WOODBRIDGE >> The kids, the coaches and countless friendships are what Paul Mengold most treasures from a lifetime spent as a high school teacher and administrator at Amity Regional.
So it’s hardly a surprise that the fondest memories from his four decades on the job center around the success others.
“All of the championships, be it New England, state, league or division,” Mengold said Thursday. “Those are what stick out most in my mind. It’s been great to watch those kids celebrate.”
Earlier this week, Mengold informed the school board he plans to retire after over 38 years in the school system, the past 30 as athletic director. Three decades has produced plenty of championships at Amity, a model athletic program which developed into one of the state’s best under Mengold’s watch.
The number of banners hanging in the school gymnasium, quite frankly, is astounding.
Since 1983, Amity athletics has won two New England titles and 45 state championships. There are 122 league championships, culled between the old Housatonic League and the Southern Connecticut Conference, a mega-conference Mengold helped found in 1994.
Throw in an additional 155 SCC Housatonic Division titles, 16 Connecticut coaches’ association coaches of the year, nine national high school coach of the year finalists, six Gatorade state players of the year and two Michaels Achievement Cups for athletic excellence, and there’s a real case to be made for Amity as one of the premier programs in Connecticut.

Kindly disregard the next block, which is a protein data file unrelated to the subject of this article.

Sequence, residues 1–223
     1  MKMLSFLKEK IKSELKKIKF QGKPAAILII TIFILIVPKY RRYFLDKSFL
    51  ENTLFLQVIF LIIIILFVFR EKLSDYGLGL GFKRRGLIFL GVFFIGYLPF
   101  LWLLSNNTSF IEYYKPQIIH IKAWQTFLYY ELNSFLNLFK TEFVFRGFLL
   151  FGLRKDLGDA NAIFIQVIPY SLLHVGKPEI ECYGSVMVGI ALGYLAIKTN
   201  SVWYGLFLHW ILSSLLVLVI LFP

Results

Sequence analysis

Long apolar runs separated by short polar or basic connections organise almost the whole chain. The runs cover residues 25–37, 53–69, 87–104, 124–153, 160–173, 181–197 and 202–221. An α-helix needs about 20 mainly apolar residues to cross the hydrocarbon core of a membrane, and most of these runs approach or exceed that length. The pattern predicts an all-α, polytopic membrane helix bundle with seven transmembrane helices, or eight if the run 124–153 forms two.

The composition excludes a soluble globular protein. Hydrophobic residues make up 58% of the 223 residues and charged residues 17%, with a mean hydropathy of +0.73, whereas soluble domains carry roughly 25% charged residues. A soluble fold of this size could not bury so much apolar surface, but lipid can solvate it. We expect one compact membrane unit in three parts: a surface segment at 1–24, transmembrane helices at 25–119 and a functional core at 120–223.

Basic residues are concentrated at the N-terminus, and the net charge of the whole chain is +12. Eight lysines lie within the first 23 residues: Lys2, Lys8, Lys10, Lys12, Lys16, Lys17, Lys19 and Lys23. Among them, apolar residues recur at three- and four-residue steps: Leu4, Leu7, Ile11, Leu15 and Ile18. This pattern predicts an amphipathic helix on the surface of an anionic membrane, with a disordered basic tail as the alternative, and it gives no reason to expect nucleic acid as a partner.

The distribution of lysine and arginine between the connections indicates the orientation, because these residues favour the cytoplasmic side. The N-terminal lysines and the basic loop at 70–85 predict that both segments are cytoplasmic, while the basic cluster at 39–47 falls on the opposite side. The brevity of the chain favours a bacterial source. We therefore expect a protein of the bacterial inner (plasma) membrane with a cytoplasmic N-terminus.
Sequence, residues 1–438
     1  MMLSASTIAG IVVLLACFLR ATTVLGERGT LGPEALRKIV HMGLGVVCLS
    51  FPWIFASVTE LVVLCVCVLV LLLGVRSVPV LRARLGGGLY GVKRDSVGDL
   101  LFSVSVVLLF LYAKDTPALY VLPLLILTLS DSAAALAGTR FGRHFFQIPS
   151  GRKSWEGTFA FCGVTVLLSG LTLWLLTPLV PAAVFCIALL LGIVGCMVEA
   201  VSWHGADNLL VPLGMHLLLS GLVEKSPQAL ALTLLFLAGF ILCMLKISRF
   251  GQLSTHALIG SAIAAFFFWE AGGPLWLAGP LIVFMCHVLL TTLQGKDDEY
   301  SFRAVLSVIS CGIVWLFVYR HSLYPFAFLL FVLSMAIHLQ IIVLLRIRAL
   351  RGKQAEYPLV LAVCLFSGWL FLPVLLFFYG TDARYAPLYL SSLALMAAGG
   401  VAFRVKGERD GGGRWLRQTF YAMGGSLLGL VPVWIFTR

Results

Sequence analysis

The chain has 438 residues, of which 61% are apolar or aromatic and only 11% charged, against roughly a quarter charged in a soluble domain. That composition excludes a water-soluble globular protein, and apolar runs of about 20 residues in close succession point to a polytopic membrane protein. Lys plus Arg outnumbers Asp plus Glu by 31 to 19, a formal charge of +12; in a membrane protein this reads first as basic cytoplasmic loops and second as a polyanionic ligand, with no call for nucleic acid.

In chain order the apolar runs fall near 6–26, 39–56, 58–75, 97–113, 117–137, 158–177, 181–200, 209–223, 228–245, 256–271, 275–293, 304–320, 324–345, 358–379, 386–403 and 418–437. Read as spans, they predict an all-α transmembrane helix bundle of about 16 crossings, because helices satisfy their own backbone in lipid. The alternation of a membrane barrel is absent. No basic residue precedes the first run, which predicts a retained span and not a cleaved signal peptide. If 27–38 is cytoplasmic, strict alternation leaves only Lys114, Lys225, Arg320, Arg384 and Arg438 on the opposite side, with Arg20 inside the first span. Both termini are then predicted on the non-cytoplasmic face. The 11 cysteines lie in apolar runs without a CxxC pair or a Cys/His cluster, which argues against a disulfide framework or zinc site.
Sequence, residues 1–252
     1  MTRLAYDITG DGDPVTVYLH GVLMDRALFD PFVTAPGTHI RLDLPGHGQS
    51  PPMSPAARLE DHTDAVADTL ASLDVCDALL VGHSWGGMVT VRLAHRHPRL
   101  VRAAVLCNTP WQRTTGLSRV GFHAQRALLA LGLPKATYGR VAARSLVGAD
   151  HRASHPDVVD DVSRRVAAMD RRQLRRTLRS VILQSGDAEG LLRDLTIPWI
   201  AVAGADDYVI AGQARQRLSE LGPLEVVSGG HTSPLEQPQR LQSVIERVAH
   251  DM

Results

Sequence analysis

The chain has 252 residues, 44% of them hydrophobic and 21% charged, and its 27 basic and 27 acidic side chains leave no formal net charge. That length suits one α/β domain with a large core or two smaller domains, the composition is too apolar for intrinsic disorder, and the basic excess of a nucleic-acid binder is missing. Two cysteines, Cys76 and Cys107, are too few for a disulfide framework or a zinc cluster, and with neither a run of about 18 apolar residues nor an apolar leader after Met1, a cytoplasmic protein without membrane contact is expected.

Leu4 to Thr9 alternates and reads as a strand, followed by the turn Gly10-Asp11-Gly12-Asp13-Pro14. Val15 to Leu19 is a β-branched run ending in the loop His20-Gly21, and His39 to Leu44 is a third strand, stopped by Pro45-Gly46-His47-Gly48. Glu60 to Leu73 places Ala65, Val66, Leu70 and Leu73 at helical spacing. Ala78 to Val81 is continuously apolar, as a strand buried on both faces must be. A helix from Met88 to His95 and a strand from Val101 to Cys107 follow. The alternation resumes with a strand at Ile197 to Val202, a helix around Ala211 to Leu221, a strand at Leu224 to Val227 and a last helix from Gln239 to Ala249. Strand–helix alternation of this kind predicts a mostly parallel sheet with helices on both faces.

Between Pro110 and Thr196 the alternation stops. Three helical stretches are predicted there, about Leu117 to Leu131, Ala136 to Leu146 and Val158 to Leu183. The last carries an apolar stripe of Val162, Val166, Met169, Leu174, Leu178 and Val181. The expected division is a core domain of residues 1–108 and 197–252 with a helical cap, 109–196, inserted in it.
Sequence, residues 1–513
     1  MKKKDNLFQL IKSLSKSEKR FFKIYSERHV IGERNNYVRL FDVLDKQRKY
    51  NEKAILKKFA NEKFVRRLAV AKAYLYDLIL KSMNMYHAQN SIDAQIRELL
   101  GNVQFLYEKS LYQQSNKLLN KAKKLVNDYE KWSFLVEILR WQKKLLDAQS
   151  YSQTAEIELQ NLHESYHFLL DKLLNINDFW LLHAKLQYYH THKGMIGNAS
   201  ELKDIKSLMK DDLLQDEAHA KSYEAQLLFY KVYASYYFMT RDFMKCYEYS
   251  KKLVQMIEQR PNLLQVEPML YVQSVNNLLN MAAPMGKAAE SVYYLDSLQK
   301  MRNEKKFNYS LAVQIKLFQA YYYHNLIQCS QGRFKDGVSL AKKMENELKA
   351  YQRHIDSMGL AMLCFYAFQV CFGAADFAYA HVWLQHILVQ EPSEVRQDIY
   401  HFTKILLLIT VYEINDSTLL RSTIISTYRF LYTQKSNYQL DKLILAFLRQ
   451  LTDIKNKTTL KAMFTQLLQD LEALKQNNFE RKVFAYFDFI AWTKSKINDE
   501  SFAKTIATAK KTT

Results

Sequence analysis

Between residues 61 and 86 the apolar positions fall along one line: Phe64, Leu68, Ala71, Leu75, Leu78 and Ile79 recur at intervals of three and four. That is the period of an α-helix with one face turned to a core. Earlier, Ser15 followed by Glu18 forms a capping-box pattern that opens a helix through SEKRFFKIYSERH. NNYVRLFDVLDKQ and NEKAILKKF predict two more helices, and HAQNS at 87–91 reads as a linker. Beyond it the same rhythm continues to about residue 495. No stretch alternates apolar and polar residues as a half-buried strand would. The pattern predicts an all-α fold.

“I’ve been very fortunate,” Mengold said. “The coaches and kids are the ones who put in so much time and effort. All of our success is on them. And I’m proud of them all.”
Mengold earned his reputation as one of the state’s most dedicated, knowledgeable and productive athletic directors for a reason. He’s won awards, chaired numerous boards and served nearly every committee under the sun on the district, state and national levels.
Among his most impressive achievements is assisting in the creation of the SCC, a massive undertaking which merged a conglomeration of urban, suburban and prep schools centered in and around Greater New Haven into a national model of success.
“I think he’s one of the most influential people in Connecticut high school sports in the last 20 years,” said SCC commissioner Al Carbone. “He’s one of the most informed on high school athletic issues, be they legal issues or kid issues. Personally, he’s one of the people I go to whenever I have an idea or need a sounding board. He commands a lot of respect in meeting rooms because he’s been there. He’s one of the pillars of our league.”
Mengold’s first teaching job came at Amity in 1976, shortly after his graduation from Sacred Heart University. For 24 years he taught business at the high school, 16 of them while simultaneously serving as athletic director. In 2000, with Amity sports booming, he was allowed to focus his full attention on athletics.
During his tenure, athletic program offerings grew from 35 teams to its current 85. He personally coached or assisted girls’ and boys’ basketball, softball and Unified Sports basketball. Mengold estimates he’s attended some 5,000 high school games over the last 38 years.
The program has not only grown by leaps and bounds since the mid-80s, but the all-around success of those teams has exploded.
“I’ve always felt I was very blessed to have someone as professional as him as my athletic director,” said Sal Coppola, an athlete at Amity and, for the past 20 years, the school’s baseball coach. “He set the standard for Amity coaches. The level of professionalism he brings as an AD is the same as he expects from his coaches. It starts at the top, and he played a big part in the success of the sports teams at our school.”
His true legacy at Amity runs deeper. The bonds created over the years are innumerable. Mengold cherishes them all. The respect is mutual.